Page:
Vice President Harris dispatched to Europe in a late effort to avert possible Russia aggression
Washington Republicans questioned whether Harris can broker deal, arguing first big diplomatic test at the southern U.S. border was failure
Vice President Kamala Harris was dispatched Thursday to Europe to attempt to keep peace as Russia appears poised to invade neighboring Ukraine at any moment.
Harris left Washington, D.C., in the morning to attend the Munich Security Conference. Her departure was followed swiftly by a statement from President Biden as he emerged from the White House that he believes Russian President Vladimir Putin will invade inside of "the next several days."
Washington has sent a series of diplomats – including the country's highest-ranking in Secretary of State Antony Bliken – to try to avert a Russia invasion or incursion.
Harris is expected to meet Friday with the leaders of Estonia, Latvia, and Lithuania, before delivering a speech Saturday about the Ukraine crisis. She will also meet with the Ukrainian President Volodymyr Zelenskyy and German Chancellor Olaf Scholz.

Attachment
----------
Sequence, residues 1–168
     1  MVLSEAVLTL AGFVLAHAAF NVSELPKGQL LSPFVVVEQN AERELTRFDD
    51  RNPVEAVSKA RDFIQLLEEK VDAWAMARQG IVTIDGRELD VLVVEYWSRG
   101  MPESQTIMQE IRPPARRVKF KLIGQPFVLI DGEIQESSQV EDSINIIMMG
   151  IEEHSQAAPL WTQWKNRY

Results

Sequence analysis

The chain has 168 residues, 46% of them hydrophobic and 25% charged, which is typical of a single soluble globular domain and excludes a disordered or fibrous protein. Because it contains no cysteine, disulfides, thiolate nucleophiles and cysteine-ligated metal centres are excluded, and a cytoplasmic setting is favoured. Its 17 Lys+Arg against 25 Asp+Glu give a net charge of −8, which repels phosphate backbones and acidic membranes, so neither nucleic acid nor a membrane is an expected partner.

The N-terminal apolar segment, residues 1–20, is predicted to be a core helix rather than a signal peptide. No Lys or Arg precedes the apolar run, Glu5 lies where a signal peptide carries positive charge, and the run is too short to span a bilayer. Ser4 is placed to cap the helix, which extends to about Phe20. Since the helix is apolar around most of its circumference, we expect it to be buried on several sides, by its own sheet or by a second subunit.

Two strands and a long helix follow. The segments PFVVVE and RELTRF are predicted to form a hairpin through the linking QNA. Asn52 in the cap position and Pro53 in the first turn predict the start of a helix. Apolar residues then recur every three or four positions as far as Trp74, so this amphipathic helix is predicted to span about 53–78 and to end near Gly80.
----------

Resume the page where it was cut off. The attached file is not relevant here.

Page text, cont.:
Republicans mocked the idea of sending the vice president to Europe after her previous failed assignment of managing the illegal immigration crisis at the U.S. southern border.
"She can’t even find our southern border, much less the Ukrainian border. This is a joke, this is a travesty," said Rep. Tim Burchett (R-Tenn.) during a Newsmax interview. "She couldn’t pour something out of a boot if there were instructions written on the heel."
Last week, after finding out about Harris's latest assignment, Tennessee Sen. Marsha Blackburn said, "Biden is deploying Kamala Harris to Europe to help ease Russia-Ukraine tensions. Right, because she’s doing so well with our southern border."
Russian officials have continued to insist that there is no invasion plan in the works, but U.S. forces and western allies have been watching as Putin moves thousands of troops to Ukraine's border, even as he purports to being doing exactly the opposite.
Last week, Biden said that if Russia were to invade then "there will be no longer a Nord Stream 2," referring to a pipeline to provide fuel directly from Russia to Germany.